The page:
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Gary Clyde Hufbauer: NOPEC Legislation Isn’t the Answer to Lowering Gasoline Prices

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With gas prices hitting new records nationwide, policymakers scramble for solutions. In recent weeks the U.S. Senate Judiciary Committee approved the “No Oil Producing and Exporting Cartels Act” or “NOPEC” legislation that would grant the Justice Department the power to sue OPEC over antitrust violations. The theme of the bill, S. 977 sponsored by Iowa’s Senator Chuck Grassley, has been on the table for nearly two decades as a means of hitting oil-producing nations for unduly influencing oil production and jacking up oil prices.

But there’s a reason the Bush, Obama, and Trump administrations showed little interest in past versions of the NOPEC bill: it invites retaliatory legislation by the target countries and could trigger even higher prices here in the U.S.

While NOPEC aims at Middle Eastern oil producers, the OPEC nations that account for more than 40 percent of world oil output, the reality is that antitrust bullets fired by the Justice Department would likely ricochet. Targeting OPEC directly with U.S. legal action would very likely draw retaliation from major oil producers, a consequence that could quickly disrupt global oil markets and cause price surges. Retaliation could take various forms. A cut in oil production is most obvious. Target countries could enact tit-for-tat laws enabling compensatory suits against U.S. firms, or claiming U.S. war crimes in Iraq, Afghanistan, or Iran. As well, allies in Europe and Asia would not be happy if NOPEC was seen as the cause of higher oil prices.

Question marks surrounding NOPEC have led to considerable criticism. Senators John Cornyn and John Kennedy, representing the oil states of Texas and Louisiana, highlighted concerns, arguing that antagonizing OPEC nations could result in lower oil exports to the U.S., sending prices even higher. “If we get engaged in that sort of controversy with these oil-producing countries,” Kennedy said during a recent Senate hearing, “then it will raise the price and we won’t be able to keep the lights on here at home.”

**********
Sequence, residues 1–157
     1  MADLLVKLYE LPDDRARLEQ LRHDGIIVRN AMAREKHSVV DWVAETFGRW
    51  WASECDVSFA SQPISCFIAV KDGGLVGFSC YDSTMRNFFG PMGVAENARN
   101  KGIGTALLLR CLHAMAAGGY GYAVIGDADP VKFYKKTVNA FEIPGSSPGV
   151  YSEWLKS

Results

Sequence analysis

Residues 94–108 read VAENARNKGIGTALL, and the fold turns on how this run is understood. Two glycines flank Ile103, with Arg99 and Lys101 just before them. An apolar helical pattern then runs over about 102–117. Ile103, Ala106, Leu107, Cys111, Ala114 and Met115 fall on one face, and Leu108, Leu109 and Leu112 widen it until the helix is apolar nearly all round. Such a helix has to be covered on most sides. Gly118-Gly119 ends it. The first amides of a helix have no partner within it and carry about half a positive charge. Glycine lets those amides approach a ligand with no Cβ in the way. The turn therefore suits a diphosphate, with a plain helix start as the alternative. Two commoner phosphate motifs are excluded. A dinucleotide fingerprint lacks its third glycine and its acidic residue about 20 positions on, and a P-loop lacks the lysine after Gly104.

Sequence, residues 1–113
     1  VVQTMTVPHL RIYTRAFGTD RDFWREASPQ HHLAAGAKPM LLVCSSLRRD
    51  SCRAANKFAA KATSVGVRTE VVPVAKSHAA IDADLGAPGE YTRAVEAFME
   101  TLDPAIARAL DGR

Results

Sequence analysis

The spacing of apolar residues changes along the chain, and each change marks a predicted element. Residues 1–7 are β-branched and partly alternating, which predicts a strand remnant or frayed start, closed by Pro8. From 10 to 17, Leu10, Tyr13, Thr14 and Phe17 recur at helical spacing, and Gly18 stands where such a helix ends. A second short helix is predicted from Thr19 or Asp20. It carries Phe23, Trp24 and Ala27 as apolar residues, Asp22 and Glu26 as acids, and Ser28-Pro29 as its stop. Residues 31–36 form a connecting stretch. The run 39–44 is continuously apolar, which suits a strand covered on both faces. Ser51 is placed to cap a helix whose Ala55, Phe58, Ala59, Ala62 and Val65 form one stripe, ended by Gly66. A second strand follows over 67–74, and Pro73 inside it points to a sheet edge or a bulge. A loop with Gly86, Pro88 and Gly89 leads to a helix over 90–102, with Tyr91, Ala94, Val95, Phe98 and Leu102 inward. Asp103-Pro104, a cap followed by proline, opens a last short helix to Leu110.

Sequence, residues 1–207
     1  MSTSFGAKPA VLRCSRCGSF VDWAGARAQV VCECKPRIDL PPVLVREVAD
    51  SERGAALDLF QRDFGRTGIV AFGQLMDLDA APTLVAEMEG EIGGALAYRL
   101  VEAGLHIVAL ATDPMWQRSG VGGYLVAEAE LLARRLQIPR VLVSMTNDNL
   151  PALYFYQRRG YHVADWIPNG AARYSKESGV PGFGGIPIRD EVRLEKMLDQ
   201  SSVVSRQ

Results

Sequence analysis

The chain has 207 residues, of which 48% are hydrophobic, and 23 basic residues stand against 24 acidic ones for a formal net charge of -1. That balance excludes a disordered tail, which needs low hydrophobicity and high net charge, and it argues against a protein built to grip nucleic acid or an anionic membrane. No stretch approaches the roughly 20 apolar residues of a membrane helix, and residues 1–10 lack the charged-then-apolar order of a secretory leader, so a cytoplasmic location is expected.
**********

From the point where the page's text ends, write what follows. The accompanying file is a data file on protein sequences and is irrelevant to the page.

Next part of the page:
The American Petroleum Institute sent a letter to lawmakers pointing out how Senator Grassley’s bill would have “serious, unintended consequences” for the U.S. oil and gas industry. The association pointed to EIA data noting that since 2010 U.S. crude oil production has more than doubled, yielding an anticipated increase of 800,000 barrels of crude oil production in 2022. This production has helped diminish the influence of OPEC nations, but that progress could be jeopardized if NOPEC legislation creates wild swings in the global oil market.

Ironically, OPEC nations might even hurt the U.S. through overproduction, according to nonpartisan research by ClearView Energy Partners. That’s because a flood of new oil from OPEC could “chill drilling activity in the U.S. oil patch, potentially putting both domestic energy security and domestic economic recovery at risk.”

In fact, the Justice Department can already file suit against OPEC nations under the Sherman Antitrust Act. This was discussed at length in a recent paper from the Baker Institute for Public Policy at Rice University. The paper explained that “OPEC is not Standard Oil” and that the NOPEC bill would go far beyond “garden-variety trust-busting.” The U.S. would enter the dangerous territory of taking targeted legal action against “instrumentalities of powerful sovereign countries for which control over oil production is an existential economic priority and in some cases, underpins the survival of ruling families.” The paper explains that such extraterritorial overreach could, in extreme cases, cause nations to shun dollar-based transactions and the American financial system.

There are other potential consequences. In a letter to Senators Durbin and Grassley of the Senate Judiciary Committee, the U.S. Chamber of Commerce argues that a lawsuit from the Justice Department over alleged oil market tampering could be met with allegations in foreign courts against the United States, its agents and firms, and possibly even our military. Former U.S. Ambassador to the European Union C. Boyden Gray underscored this point in a column, noting that NOPEC would open the door to “a wide range of lawsuits targeting U.S. actions and policies that affect the prices of various commodities” and that even “U.S. military personnel and contractors could be subjected to civil and criminal liability for their conduct abroad on behalf of our government.”

If American policymakers really want to make a difference on gas prices and energy security, they should focus not only on mapping the transition to renewable energy but also on increasing American oil and gas production by eliminating existing hurdles to building pipelines and other infrastructure necessary to solidify the U.S. as the world’s preeminent energy producer.

NOPEC isn’t the path to low gas prices. It’s an imperial overreach sure to trigger a harmful backlash. Lawmakers should follow the lead of past administrations in putting this bad idea back on the shelf.

Gary Clyde Hufbauer is a nonresident senior fellow at the Peterson Institute for International Economics. This piece originally ran at RealClearEnergy.



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